S. P. Hastings, On the existence of homoclinic and periodic orbits for the FitzHugh-Nagumo equations, Quart. J. Math. Oxford Ser., 27 (1976), 123-134.  doi: 10.1093/qmath/27.1.123.

[20]

S. P. Hastings, Single and multiple pulse waves for the FitzHugh–Nagumo equations, SIAM J. Appl. Math., 42 (1982), 247-260.  doi: 10.1137/0142018.

[21]

C. Jones, N. Kopell and R. Langer, Construction of the FitzHugh-Nagumo pulse using differential forms, in Patterns and Dynamics in Reactive Media, Springer, 1991,101–115. doi: 10.1007/978-1-4612-3206-3_7.

[22]

T. Kaper and C. Jones, A primer on the exchange lemma for fast-slow systems, vol. 122 of The IMA Volumes in Mathematics and its Applications, 65–87, Springer, New York, 2001. doi: 10.1007/978-1-4613-0117-2_3.

[23]

J. Keener and J. Sneyd, Mathematical Physiology, 2nd edition, Springer-Verlag, New York, 2009.

[24]

M. KrupaB. Sandstede and P. Szmolyan, Fast and slow waves in the FitzHugh–Nagumo equation, J. Differential Equations, 133 (1997), 49-97.  doi: 10.1006/jdeq.1996.3198.

[25]

M. Krupa and P. Szmolyan, Extending geometric singular perturbation theory to nonhyperbolic points–-fold and canard points in two dimensions, SIAM J. Math. Anal., 33 (2001), 286-314.  doi: 10.1137/S0036141099360919.

[26]

M. Krupa and P. Szmolyan, Relaxation oscillation and canard explosion, J. Differential Equations, 174 (2001), 312-368.  doi: 10.1006/jdeq.2000.3929.

[27]

C. Kuehn, Multiple Time Series Dynamical Systems, Springer-Verlag, Heidelberg, 2015, Applied Mathematical Sciences, vol. 191.

[28]

Y. Kuznetsov and A. Panfilov, Stochastic waves in the FitzHugh-Nagumo system, 1981, Research Computing Centre, USSR Academy of Sciences, Pushchino. In Russian.

[29]

D. LinaroA. ChampneysM. Desroches and M. Storace, Codimension-two homoclinic bifurcations underlying spike adding in the Hindmarsh–Rose burster, SIAM J. Appl. Dyn. Syst., 11 (2012), 939-962.  doi: 10.1137/110848931.

[30]

J. NagumoS. Arimoto and S. Yoshizawa, An active pulse transmission line simulating nerve axon, Proceedings of the IRE, 50 (1962), 2061-2070.  doi: 10.1109/JRPROC.1962.288235.

[31]

H. Osinga and K. Tsaneva-Atanasova, Dynamics of plateau bursting depending on the location of its equilibrium, Journal of Neuroendocrinology, 22 (2010), 1301-1314.  doi: 10.1111/j.1365-2826.2010.02083.x.

[32]

J. D. M. Rademacher, Homoclinic Bifurcation from Heteroclinic Cycles with Periodic Orbits and Tracefiring of Pulses, Ph.D. thesis, University of Minnesota, 2004, http://www.math.uni-bremen.de/~jdmr/pub/dissMay7Web.pdf.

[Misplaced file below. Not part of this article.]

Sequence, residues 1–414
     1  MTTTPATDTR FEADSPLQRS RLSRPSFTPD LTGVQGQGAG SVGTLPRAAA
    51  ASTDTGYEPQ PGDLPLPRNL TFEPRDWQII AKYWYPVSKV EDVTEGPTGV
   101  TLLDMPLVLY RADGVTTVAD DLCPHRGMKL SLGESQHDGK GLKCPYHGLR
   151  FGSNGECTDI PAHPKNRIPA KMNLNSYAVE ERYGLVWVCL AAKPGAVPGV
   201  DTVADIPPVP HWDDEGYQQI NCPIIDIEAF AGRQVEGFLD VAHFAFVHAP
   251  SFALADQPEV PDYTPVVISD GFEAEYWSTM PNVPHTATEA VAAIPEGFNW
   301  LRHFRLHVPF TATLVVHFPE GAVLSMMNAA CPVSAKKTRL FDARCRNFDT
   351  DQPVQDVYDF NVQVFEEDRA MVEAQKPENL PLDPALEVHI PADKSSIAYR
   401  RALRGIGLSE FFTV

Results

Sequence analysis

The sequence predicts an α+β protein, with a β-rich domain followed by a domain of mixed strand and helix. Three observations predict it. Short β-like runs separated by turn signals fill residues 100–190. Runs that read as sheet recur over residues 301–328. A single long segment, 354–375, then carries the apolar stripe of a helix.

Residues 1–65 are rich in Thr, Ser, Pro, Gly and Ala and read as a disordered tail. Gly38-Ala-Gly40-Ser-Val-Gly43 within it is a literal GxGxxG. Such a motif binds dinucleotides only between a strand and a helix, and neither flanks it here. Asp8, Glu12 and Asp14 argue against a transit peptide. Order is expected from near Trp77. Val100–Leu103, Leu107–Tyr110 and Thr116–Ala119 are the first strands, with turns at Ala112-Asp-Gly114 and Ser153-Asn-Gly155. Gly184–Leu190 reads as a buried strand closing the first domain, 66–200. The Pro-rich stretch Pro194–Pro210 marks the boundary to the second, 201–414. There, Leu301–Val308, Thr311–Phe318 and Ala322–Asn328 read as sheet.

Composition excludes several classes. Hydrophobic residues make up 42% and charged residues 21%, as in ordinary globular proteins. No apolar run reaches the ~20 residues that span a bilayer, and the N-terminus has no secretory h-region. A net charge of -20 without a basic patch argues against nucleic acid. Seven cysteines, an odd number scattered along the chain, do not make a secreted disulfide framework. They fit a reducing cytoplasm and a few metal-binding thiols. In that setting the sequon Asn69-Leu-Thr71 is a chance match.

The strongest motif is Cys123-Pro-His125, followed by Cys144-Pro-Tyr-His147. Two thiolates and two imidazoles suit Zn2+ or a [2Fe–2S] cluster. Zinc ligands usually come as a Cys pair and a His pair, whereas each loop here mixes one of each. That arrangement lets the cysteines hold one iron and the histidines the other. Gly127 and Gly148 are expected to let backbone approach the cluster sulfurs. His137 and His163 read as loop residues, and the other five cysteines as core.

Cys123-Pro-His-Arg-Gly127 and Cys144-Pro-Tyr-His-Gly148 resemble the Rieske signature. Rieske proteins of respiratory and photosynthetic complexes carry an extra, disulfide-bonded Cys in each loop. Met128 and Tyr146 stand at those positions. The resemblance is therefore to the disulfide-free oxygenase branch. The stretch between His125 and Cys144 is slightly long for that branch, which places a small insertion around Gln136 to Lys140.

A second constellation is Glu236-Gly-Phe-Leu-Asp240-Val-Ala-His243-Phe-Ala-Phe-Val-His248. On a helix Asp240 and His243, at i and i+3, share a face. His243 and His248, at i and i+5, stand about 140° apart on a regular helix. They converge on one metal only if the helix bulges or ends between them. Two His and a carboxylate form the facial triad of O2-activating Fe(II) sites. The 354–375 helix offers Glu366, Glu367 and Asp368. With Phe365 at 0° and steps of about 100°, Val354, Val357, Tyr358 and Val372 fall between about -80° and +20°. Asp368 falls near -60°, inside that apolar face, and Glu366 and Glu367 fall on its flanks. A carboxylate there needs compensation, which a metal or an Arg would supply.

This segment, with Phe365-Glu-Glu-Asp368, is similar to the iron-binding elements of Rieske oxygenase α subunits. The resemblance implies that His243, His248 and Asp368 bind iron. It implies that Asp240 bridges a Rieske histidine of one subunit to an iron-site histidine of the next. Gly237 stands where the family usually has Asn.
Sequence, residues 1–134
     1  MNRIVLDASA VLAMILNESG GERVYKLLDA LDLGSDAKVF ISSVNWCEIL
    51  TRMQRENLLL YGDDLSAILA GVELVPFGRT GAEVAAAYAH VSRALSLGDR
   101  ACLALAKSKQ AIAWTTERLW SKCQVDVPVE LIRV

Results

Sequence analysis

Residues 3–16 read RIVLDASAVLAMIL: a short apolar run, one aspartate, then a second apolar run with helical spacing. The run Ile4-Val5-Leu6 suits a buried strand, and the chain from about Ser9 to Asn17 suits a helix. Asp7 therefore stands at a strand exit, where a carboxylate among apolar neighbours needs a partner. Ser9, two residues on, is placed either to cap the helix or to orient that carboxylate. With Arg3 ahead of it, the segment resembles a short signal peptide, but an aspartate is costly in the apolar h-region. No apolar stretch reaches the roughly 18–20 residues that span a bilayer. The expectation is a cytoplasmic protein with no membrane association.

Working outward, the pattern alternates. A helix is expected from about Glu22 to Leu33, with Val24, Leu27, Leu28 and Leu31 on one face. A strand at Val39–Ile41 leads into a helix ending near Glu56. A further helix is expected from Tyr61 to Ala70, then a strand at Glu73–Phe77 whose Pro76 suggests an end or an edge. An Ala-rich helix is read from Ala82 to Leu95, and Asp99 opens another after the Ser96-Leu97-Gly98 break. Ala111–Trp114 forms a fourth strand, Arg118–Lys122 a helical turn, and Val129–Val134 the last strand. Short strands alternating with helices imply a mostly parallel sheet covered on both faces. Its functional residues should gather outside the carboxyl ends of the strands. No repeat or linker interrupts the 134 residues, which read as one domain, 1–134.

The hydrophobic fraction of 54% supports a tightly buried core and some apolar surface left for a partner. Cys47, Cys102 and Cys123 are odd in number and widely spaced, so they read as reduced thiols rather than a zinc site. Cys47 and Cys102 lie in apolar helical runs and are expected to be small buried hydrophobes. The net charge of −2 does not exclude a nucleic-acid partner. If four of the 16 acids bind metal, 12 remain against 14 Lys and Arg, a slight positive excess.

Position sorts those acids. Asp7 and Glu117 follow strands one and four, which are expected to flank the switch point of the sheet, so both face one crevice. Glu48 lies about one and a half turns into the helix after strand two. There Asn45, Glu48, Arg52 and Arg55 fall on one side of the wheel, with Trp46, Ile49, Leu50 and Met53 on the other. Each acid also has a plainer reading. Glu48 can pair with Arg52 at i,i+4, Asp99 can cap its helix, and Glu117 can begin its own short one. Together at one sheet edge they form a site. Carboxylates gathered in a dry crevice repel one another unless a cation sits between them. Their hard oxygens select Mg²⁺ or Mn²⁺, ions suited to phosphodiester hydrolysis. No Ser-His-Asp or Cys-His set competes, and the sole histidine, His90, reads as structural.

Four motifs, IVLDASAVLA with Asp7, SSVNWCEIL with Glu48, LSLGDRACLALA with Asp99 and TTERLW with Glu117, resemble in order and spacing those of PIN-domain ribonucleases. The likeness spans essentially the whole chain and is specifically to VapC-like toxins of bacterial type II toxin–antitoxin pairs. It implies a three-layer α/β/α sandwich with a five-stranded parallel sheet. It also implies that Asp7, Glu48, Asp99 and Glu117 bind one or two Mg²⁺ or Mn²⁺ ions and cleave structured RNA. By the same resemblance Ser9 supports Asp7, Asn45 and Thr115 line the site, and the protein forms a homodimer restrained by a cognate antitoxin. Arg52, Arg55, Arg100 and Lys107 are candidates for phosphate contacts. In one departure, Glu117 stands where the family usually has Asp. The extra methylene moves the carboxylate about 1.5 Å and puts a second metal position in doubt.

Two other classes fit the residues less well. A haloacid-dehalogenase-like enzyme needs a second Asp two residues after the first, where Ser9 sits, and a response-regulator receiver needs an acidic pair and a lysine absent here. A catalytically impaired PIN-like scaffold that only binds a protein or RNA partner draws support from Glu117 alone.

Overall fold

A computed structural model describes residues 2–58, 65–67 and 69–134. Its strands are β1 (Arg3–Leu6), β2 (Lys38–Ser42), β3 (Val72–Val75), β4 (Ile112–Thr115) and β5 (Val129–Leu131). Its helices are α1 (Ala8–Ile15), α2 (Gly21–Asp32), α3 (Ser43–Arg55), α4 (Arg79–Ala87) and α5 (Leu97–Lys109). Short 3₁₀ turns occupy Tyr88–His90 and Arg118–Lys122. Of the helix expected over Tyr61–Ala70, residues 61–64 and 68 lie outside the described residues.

[33]

L. Shilnikov, On the generation of a periodic motion from trajectories doubly asymptotic to an equilibrium state of saddle type, Math. USSR Sb., 6 (1968), 427-438. 

[34]

L. Shilnikov, A. Shilnikov, D. Turaev and L. Chua, Method of Qualitative Theory of Nonlinear Dynamics: Part II, World Scientific, Singapore, 2001. doi: 10.1142/9789812798558_0001.

[35]

C. Soto-Trevino, Geometric Methods for Periodic Orbits in Singularly Perturbed Systems, Ph.D. Thesis, Boston University, 1998.

[36]

P. Szmolyan and M. Wechselberger, Canards in $\mathbb{R}^3$, J. Differential Equations, 177 (2001), 419-453.  doi: 10.1006/jdeq.2001.4001.

[37]

D. Terman, Chaotic spikes arising from a model of bursting in excitable membranes, SIAM J. Appl. Math., 51 (1991), 1418-1450.  doi: 10.1137/0151071.

[38]

M. Wechselberger, Existence and bifurcation of canards in $\mathbb{R}^3$ in the case of a folded node, SIAM J. Appl. Dyn. Syst., 4 (2005), 101-139.  doi: 10.1137/030601995.

show all references

References:
[1]

E. BenoîtJ.-L. CallotF. Diener and M. Diener, Chasse au canard, Collect. Math., 32 (1981), 37-119. 

[2]

P. Carter, Spike-adding canard explosion in a class of square-wave bursters, J. Nonlinear Sci., 30 (2020), 2613-2669.  doi: 10.1007/s00332-020-09631-y.

[3]

P. CarterJ. D. M. Rademacher and B. Sandstede, Pulse replication and accumulation of eigenvalues, SIAM J. Math. Anal., 53 (2021), 3520-3576.  doi: 10.1137/20M1340113.

[4]

P. Carter and B. Sandstede, Fast pulses with oscillatory tails in the FitzHugh–Nagumo system, SIAM J. Math. Anal., 47 (2015), 3393-3441.  doi: 10.1137/140999177.

[5]

P. Carter and B. Sandstede, Unpeeling a homoclinic banana in the FitzHugh–Nagumo system, SIAM J. Appl. Dyn. Syst., 17 (2018), 236-349.  doi: 10.1137/16M1080707.

[6]

P. Carter and A. Scheel, Wave train selection by invasion fronts in the FitzHugh–Nagumo equation, Nonlinearity, 31 (2018), 5536-5572.  doi: 10.1088/1361-6544/aae1db.

[7]

A. R. Champneys, Homoclinic orbits in the dynamics of articulated pipes conveying fluid, Nonlinearity, 4 (1991), 747-774.  doi: 10.1088/0951-7715/4/3/007.

[8]

A. R. ChampneysV. KirkE. KnoblochB. E. Oldeman and J. Sneyd, When shil'nikov meets hopf in excitable systems, SIAM J. Appl. Dyn. Syst., 6 (2007), 663-693.  doi: 10.1137/070682654.

[9]

M. DesrochesJ. GuckenheimerB. KrauskopfC. KuehnH. M. Osinga and M. Wechselberger, Mixed-mode oscillations with multiple time scales, SIAM Rev., 54 (2012), 211-288.  doi: 10.1137/100791233.